Why dressing like a man made this girl feel like a woman.
Does the man always have to wear the pants in the relationship?
when I was a kid, my idea of gender roles was pretty fluid— probably because I was raised by a man. I’d seen my hyper-macho father marinating the stir-fry in the wok and pulling apple pies out of the oven while explaining in detail how he had got into a fight with a guy on the street and picked him up and thrown him over a car. He would smoke a cigar in his undershirt while bending over the sewing machine, covering a hole in the knee of my jeans with a butterfly patch.
I sometimes dressed like a boy back then. In high school, I decided that I wanted to be a writer and became fascinated with authors’ biographies. One day, I was looking at a photo of French poet Arthur Rimbaud and resolved to look like him. I donned corduroy bell-bottoms, a white shirt, a tie and combat boots. I took an old black hat and navy peacoat from my dad’s closet and threw them on. I cut my hair short in the bathroom.
The boys in my school thought I was insane and generally ignored me. But this was really the best I could hope for. Many of them were cruel and judgmental, constantly attacking girls about their physical appearance and reducing them to tears. We lived in terror of being insulted and told that we were ugly. Maybe I intuitively knew that dressing like a boy would somehow deflect their attention and offer me protection from them.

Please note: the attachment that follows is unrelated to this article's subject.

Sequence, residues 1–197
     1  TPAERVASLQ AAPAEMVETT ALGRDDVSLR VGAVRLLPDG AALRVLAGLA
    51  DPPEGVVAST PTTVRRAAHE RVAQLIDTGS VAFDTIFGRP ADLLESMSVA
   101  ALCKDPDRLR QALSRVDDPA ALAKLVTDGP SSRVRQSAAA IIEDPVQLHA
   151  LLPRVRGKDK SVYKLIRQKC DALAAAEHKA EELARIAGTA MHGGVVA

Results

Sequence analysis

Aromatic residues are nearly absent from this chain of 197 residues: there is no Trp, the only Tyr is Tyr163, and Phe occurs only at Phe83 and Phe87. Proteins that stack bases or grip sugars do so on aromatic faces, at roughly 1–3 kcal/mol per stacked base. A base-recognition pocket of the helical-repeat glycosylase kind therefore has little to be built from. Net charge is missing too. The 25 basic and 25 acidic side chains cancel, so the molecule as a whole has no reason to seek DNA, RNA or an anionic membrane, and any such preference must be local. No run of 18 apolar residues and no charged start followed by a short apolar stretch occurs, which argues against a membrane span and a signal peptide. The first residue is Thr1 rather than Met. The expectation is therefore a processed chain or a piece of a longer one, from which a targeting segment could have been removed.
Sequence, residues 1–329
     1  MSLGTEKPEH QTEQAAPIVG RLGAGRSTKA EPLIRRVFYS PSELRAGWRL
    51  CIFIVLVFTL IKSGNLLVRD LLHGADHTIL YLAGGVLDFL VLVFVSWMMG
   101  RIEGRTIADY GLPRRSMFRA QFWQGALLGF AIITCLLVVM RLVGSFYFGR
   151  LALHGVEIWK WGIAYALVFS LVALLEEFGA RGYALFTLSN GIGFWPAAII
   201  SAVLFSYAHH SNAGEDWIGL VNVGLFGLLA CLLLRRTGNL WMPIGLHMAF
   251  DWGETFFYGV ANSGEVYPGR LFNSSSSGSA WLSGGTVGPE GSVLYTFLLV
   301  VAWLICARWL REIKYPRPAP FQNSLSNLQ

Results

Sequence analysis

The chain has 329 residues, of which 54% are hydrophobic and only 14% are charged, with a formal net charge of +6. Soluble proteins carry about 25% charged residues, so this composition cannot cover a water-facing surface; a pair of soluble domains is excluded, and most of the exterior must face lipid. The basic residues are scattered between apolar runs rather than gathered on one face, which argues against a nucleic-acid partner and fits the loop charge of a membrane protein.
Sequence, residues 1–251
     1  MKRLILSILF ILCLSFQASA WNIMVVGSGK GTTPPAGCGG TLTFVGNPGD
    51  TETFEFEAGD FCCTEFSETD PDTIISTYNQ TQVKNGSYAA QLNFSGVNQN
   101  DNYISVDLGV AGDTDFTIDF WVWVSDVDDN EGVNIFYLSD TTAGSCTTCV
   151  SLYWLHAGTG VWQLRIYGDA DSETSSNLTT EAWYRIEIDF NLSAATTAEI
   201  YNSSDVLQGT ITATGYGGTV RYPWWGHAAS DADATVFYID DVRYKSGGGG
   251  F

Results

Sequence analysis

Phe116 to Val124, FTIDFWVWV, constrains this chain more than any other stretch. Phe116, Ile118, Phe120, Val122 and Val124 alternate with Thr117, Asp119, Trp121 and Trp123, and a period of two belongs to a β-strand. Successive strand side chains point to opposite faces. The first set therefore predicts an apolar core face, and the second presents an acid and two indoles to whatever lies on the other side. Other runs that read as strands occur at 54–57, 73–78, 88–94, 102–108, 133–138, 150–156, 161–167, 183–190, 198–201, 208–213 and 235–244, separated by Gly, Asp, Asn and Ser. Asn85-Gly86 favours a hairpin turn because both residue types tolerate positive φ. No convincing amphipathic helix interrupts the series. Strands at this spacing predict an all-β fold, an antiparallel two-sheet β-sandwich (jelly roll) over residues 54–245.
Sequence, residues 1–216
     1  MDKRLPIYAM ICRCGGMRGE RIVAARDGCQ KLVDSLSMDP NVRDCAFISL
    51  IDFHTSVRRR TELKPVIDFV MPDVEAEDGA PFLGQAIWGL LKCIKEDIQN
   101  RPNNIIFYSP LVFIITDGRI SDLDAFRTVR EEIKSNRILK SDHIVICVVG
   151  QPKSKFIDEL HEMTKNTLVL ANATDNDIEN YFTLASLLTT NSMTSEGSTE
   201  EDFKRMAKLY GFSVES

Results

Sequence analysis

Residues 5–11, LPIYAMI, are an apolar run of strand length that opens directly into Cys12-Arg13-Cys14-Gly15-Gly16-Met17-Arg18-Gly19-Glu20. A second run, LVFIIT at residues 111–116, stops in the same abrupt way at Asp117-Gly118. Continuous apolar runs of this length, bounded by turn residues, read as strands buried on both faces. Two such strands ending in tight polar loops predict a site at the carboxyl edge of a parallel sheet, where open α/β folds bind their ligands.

When I started college, I wore tiny checkered suits from the Salvation Army and always kept my hair incredibly short. My grades were through the roof, but guys thought that I was weird and didn’t ask me out. I was lonely. In an attempt to get a boyfriend, I stopped cutting my hair, started dressing like a girl and stopped being so eccentric. As soon as I altered my appearance to look more feminine, guys h
wanted to date me. The contrast was sort of shocking.
There was something that I didn’t like about that. It was as if my self-worth and social acceptance were based solely on the way I looked. I became incredibly self-conscious, always looking at my reflection, making sure I was dolled up enough. I looked around, hoping all men—those riding by in cars or seated on buses—found me attractive and worthwhile. It was like I was letting the mean boys from high school judge me. And they were everywhere I looked.
When I was in my mid-20s, I started talking to a guy at a party I was throwing. There was a poster of the painting The Lady of Shalott by John William Waterhouse on the wall. She’s seated in a boat and has flowing hair and a white dress. “Has anyone ever told you that you look just like the woman in that painting?” he asked. “No,” I answered.
I was flattered because the woman is quite beautiful. Perhaps I should have thought about the painting more carefully. According to Arthurian legend, the Lady of Shalott is cursed to only see the world reflected in a mirror; when she rushes to the window one day to look at Sir Lancelot passing by, the curse is invoked and she dies soon after.
At the time, though, I was pleased and we started dating. He was always telling me that I was beautiful. Unfortunately, that was just about the only thing he liked about me.